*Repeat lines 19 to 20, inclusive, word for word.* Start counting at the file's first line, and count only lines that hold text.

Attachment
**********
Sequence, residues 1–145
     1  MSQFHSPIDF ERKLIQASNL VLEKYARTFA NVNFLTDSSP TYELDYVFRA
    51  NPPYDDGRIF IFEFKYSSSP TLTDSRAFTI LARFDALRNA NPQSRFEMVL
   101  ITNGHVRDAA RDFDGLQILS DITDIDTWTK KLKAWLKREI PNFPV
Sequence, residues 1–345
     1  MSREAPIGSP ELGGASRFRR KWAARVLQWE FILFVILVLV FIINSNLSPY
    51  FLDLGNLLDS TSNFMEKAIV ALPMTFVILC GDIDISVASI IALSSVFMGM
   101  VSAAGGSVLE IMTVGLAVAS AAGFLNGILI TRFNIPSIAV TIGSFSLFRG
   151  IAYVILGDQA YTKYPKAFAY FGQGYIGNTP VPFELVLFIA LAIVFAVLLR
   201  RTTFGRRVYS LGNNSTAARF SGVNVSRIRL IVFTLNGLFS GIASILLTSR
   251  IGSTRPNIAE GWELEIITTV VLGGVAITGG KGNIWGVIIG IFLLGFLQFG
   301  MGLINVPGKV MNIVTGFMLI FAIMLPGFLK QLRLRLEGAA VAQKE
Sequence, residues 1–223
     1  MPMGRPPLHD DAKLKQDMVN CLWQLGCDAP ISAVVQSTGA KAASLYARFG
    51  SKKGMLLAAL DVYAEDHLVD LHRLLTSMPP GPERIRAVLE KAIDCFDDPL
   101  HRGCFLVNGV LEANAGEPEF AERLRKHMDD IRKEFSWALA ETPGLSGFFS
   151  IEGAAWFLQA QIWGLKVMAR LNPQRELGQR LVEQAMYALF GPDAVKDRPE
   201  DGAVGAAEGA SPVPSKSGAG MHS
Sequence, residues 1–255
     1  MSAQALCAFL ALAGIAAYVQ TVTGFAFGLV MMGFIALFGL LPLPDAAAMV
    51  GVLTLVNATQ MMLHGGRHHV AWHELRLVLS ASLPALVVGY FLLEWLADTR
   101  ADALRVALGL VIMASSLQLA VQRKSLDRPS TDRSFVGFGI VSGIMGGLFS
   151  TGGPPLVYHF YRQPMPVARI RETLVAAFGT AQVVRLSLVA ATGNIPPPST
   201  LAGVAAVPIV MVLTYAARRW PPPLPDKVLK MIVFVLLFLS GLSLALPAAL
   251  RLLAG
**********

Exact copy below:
Sequence, residues 1–255
     1  MSAQALCAFL ALAGIAAYVQ TVTGFAFGLV MMGFIALFGL LPLPDAAAMV